The Mahavira Jain Temple in Osian (or Osiyan, Rajasthan) is dedicated to Lord Mahavira, the 24th Jain Tirthankara. It is a major pilgrimage site for Jains in this region of Rajasthan.
Located in the western outskirts of the village, the temple was constructed by Gurjara Pratihara King Vatsaraja in 783 A.D.
The temple complex has one main temple and seven other temples, of which four temples are located on the eastern side and three on western side.
Close to the temple there is a dharmashala and a school of theology, both run by the temple trust. Apart from being a holy place, the temple of Mahavira if of course famous for its architecture.
Always remember to look up ! 🙂
The walls and pillars of the temple display carved images of countless Gods and Goddesses, in addition to depictions of the different stages of the life of Lord Neminath (22nd Jain Tirthankara). A 32 inch high statue of Lord Mahavira in the padmasana posture is placed on a high platform made of sandstone (not photographed).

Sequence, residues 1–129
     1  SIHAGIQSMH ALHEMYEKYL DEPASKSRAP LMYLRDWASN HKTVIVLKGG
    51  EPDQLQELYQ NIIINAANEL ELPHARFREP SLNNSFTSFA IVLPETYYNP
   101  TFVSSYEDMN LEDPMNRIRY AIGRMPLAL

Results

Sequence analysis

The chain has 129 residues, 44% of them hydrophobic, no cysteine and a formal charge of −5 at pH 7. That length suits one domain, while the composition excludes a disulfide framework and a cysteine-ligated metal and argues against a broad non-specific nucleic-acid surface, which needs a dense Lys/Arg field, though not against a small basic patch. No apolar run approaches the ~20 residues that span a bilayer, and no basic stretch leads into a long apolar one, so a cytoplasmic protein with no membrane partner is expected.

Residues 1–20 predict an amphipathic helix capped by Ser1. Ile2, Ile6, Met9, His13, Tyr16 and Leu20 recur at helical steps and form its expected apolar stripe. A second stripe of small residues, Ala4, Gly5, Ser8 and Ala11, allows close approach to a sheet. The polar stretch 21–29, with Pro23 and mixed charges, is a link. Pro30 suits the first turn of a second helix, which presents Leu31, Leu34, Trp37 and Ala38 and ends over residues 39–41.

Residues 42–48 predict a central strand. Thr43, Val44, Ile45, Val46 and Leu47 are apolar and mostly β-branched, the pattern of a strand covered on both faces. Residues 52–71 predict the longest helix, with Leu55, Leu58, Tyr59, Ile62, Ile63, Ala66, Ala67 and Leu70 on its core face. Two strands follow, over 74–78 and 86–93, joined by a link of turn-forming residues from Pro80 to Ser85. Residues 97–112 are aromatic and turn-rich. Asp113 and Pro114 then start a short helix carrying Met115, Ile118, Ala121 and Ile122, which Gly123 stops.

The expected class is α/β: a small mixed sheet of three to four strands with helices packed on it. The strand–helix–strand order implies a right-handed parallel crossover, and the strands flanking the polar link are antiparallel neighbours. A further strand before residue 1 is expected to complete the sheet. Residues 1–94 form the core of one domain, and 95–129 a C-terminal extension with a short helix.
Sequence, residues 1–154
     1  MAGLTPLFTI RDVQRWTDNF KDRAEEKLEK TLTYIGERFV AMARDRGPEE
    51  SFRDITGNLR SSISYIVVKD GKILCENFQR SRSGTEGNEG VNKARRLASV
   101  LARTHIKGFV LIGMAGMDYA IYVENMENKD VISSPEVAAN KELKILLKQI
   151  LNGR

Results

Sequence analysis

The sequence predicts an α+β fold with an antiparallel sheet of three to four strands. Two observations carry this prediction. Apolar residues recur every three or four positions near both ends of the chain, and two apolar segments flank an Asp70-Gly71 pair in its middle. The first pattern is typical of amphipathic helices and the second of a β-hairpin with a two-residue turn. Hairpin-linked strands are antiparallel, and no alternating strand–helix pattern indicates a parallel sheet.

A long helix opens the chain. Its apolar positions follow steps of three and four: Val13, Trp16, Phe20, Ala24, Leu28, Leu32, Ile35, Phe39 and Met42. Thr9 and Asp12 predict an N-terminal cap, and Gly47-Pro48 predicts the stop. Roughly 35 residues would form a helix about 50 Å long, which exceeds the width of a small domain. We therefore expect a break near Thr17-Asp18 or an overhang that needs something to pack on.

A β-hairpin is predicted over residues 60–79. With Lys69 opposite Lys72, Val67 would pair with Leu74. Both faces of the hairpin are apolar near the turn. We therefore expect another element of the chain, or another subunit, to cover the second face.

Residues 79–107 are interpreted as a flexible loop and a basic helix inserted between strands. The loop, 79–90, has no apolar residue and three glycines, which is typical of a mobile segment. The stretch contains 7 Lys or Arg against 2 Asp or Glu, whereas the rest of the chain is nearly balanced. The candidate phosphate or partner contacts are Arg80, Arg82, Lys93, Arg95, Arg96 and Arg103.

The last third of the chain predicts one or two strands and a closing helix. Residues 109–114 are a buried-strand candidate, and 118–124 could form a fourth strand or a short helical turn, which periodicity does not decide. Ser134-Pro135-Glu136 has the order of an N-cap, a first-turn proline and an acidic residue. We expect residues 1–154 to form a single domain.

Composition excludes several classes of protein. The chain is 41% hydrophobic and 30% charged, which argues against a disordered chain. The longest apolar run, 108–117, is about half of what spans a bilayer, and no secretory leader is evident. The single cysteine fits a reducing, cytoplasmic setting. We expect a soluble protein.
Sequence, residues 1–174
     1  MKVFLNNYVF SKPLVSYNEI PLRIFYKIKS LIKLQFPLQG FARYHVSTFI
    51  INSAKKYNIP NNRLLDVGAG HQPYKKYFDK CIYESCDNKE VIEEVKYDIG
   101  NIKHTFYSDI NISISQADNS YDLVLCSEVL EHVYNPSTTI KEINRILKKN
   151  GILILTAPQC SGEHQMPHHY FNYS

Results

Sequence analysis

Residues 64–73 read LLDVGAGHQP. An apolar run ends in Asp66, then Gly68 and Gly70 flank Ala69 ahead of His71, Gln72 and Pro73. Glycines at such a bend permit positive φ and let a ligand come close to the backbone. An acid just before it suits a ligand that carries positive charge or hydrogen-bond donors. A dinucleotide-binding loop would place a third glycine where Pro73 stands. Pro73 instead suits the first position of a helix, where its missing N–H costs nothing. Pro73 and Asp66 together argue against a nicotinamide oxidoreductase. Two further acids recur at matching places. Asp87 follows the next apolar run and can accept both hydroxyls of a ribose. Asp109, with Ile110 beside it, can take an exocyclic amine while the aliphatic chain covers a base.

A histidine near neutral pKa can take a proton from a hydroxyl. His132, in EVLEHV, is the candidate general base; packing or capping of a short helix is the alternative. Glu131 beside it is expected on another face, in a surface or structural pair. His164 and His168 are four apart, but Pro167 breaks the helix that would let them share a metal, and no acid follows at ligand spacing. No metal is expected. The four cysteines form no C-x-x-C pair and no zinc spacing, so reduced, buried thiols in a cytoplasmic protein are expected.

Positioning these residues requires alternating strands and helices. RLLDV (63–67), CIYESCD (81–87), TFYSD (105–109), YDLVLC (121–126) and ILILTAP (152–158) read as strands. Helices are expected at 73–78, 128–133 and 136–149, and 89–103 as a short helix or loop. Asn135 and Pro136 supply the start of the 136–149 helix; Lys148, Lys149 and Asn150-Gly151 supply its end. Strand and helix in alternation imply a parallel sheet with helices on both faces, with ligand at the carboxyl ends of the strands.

The main doorway of the temple, constructed in 1015 A.D. is superbly carved with impressions of young maidens.
Note however that much of this temple has been restored, a process that was clearly on-going. Even whilst I was there stone masons were hard at work chiseling away new pieces, many of which are likely to be direct copies of ancient carvings that have almost eroded away.
Osian was a major trading center at least as early as the 4th century A.D. It maintained this status, while also being a major center of Brahmanism and Jainism, for hundreds of years.
This came to an abrupt end when the town was attacked by the armies of Muhammed of Ghor in 1195. It is said that at its peak, Osian had over one hundred Jain temples.
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